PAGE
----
Trading away our health

Posted on March 16, 2015 in Health Policy Context – Full Comment
March 16, 2015.   Stephen Cornish

Last week, behind closed doors in a hotel in Hawaii, negotiators from a dozen countries met to continue negotiations on a trade agreement that will affect an estimated 800-million people and 40% of the global economy: the Trans-Pacific Partnership (TPP).

The negotiations, which began in 2010 between Canada, the United States and 10 other Pacific Rim countries, are being conducted without opportunity for public scrutiny. Currently, U.S. President Barack Obama is asking Congress to grant him the authority to fast-track the TPP without amendments from lawmakers.

Of the many issues at stake, the implications are especially critical for ensuring affordable health care and access to medicines for the millions of people in developing countries where Doctors Without Borders works and also for Canadians.

We know from leaks of the TPP draft text that some governments are attempting to dismantle public-health safeguards enshrined in international law by extending the length of time that brand-name medicines are protected by patents to create new types of monopolistic protection. As a result, pharmaceutical companies will be able to charge unduly high prices for several more years, thereby restricting access to affordable life-saving generic medicines. This will disproportionately affect those who can least afford to pay.

We know that the best way to reduce these high drug prices and improve access to treatment is through generic competition

Currently, in the poorest countries and even at the lowest global price available, the cost of immunizing a child using World Health Organization recommended vaccines has risen a colossal 6,700% since 2001. The stricter intellectual property rules under negotiation in the TPP will only further limit competition, keep prices artificially high and keep vaccines out of reach.

We know that the best way to reduce these high drug prices and improve access to treatment is through generic competition. In fact, everyone from ministries of health to medical humanitarian organizations such as Doctors Without Borders and donor-supported global health institutions rely on affordable, quality generic medicines for 85% of their health programming. Yet certain provisions proposed by the U.S. and other countries in the TPP could greatly limit the reach and effectiveness of these programs, thereby diverting badly needed resources away from patient care.

Canada supports many important global health programs but the effectiveness of this support is at risk. This year, Canada contributed $500 million to the replenishment of the Gavi Vaccine Alliance’s fund. Canada is also one of the leading donors to the Global Fund to Fight AIDS, Tuberculosis and Malaria, which has provided antiretroviral therapy to more than six-million people living with HIV in developing countries.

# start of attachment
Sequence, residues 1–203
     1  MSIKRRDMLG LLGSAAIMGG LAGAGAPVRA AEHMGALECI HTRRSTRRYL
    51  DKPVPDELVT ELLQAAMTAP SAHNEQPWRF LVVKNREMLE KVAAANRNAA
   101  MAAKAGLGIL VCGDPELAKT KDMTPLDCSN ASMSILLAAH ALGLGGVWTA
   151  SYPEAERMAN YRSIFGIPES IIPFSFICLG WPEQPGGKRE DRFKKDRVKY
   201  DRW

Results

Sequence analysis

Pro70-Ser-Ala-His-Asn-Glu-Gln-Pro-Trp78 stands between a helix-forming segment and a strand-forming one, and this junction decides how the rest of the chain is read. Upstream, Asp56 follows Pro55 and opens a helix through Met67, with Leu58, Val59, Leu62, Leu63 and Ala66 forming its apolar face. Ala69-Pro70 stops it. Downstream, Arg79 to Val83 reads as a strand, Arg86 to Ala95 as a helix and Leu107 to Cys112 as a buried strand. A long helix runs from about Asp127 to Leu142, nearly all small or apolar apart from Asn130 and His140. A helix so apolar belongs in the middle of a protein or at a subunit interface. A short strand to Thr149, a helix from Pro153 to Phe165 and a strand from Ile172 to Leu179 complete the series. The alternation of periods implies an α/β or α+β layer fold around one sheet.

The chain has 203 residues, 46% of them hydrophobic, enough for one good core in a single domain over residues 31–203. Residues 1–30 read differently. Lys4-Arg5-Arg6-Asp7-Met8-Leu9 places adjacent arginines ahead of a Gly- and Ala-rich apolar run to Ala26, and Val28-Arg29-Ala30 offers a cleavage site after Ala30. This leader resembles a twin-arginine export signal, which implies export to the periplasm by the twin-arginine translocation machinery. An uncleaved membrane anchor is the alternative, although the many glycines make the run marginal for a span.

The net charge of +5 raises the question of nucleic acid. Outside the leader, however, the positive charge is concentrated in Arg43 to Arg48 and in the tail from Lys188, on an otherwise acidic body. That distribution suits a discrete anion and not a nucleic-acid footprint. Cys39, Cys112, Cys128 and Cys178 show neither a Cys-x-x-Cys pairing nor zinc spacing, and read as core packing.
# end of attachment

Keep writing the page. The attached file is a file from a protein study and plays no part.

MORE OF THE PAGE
In addition, Canada provides international assistance to five of the 12 TPP-negotiating countries, amounting to more than $83 million in 2012 and 2013. Two countries involved in the TPP negotiations, Vietnam and Peru, are also on Canada’s “Development Countries of Focus” list, due to an even greater need for development assistance. If harmful provisions in the TPP are accepted, driving up the cost of medicines and vaccines, the impact of this use of Canadian taxpayers’ money could be seriously diminished.

Canada and other countries are opposing some of the most harmful provisions in the agreement

Access to affordable medicines could also become a major concern in Canada. Drug expenditures in this country have been the fastest growing sector of health spending in the last 25 years. Since the mid-1980s, prescription drug spending has more than doubled, costing $27.7 billion in 2012. If Canada does not strongly reject the new protections proposed in the TPP, these expenditures could cost our health-care systems, and all Canadians, billions more per year.

Thankfully, a version of the TPP text leaked in 2013 shows that Canada and other countries are opposing some of the most harmful provisions in the agreement. As the negotiations are nearing an end, countries will be under immense pressure to reach a deal. Canada has a humanitarian duty to resist that pressure and to stand up to the U.S. and others who would seek to benefit their pharmaceutical industries through the TPP negotiations, at the expense of poor countries and of Canadians.

More than 32,000 Canadians have already signed a petition at calling on Canada to stand up for public health. Together we must ensure the TPP does not undermine access to affordable drugs, whether here in Canada or around the world.

When it comes to access to medicines, it is imperative that Canada does not give in and trade away our health.

Stephen Cornish is executive director of Doctors Without Borders Canada.

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